Following that, the remainder of the issue is dedicated to a battle between Cold and his own rogues gallery, themselves essentially a cadre of baddies from the regular Flash series. If anything could sell us on the moral ambiguity of Citizen Cold it would be the interaction between him and his foes, but the encounter turns out to be a rather subpar superhero slugfest. It’s a shame that one of the more Flash-centric components of this event centered around the Scarlet Speedster couldn’t have been a finer product.



Flashpoint: Deathstroke and the Curse of the Ravager #2 (of 3)

Writer: Jimmy Palmiotti
Artists: Joe Bennett, Tony Shasteen, The Hories (c)

Rating:


No less violent than the debut issue, Deathstroke and the Curse of the Ravager #2 is a more focused effort than its predecessor, thereby making it a more enjoyable one as well. In a book filled with almost nothing but fierce battle scenes, Jimmy Palmiotti effectively establishes the unstoppable threat of Emperor Aquaman on the waters, even against a band of metahuman pirates who should be quite formidable. There’s not a lot of room left for story, but the conveyance of that single point should be strong enough to earn most readers’ forgiveness.



The contrast between the two artists who split time on this book is stark, but either one would be adequate to carry this series through to its conclusion. Bennett’s work is more dynamic and fluid than Shasteen’s, but it lacks the latter’s crispness and clarity. It is fitting, then, that Bennett takes the bulk of the action scenes while Shasteen renders most of the talking heads. Rarely does the use of more than a single artist work toward an issue’s benefit, but when deadlines make it necessary it is good to see each one employed to his or her strengths.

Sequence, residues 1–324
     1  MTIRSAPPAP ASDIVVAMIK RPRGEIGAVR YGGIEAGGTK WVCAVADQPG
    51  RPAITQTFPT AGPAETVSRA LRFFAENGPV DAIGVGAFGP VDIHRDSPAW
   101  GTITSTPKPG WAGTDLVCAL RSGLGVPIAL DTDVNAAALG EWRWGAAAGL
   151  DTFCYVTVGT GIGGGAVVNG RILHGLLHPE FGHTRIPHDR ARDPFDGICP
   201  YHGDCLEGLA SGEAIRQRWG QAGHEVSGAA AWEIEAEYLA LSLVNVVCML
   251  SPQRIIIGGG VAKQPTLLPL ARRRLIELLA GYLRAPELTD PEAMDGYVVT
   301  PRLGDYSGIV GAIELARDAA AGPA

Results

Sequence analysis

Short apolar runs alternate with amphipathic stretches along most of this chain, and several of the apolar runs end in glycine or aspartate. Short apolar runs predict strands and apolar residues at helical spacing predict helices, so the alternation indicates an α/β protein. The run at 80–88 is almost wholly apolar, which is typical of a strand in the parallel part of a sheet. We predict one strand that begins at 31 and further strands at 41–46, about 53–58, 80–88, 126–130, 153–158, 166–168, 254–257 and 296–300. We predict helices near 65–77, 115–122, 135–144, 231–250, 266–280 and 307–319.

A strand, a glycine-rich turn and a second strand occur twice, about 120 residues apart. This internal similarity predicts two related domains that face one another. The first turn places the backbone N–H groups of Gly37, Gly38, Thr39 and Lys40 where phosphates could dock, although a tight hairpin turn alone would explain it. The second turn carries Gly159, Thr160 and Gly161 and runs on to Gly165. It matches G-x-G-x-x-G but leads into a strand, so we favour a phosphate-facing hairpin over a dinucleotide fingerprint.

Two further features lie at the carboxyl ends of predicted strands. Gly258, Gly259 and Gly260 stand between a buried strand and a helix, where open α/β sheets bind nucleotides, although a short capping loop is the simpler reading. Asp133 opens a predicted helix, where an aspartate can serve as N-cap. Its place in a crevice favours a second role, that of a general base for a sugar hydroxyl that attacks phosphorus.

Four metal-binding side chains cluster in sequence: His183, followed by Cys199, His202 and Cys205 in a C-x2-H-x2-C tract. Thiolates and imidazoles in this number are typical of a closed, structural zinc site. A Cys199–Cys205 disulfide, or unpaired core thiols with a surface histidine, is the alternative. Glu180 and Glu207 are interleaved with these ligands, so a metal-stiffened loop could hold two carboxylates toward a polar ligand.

Flashpoint: Emperor Aquaman #2 (of 3)

Writer: Tony Bedard
Artists: Vicente Cifuentes, Diana Egea (i), Kyle Ritter (c)

Rating:


As the backstory to the Atlantean-Amazon war has been filled in piece by piece throughout various Flashpoint books, it has become clear that the genesis of the conflict was punctuated by a number of singular, highly emotional events. Tony Bedard unveils several of those events for us this month in Emperor Aquaman, doing so with a surprising skill at conveying their gravity. Equally up to the task is Vicente Cifuentes, the rare backup artist whose work ends up exceeding that of the original. Cifuentes brings a high level of detail to the table, and, while he struggles with drawing babies and teenagers, effectively communicates the powerful moments Bedard’s script mandates.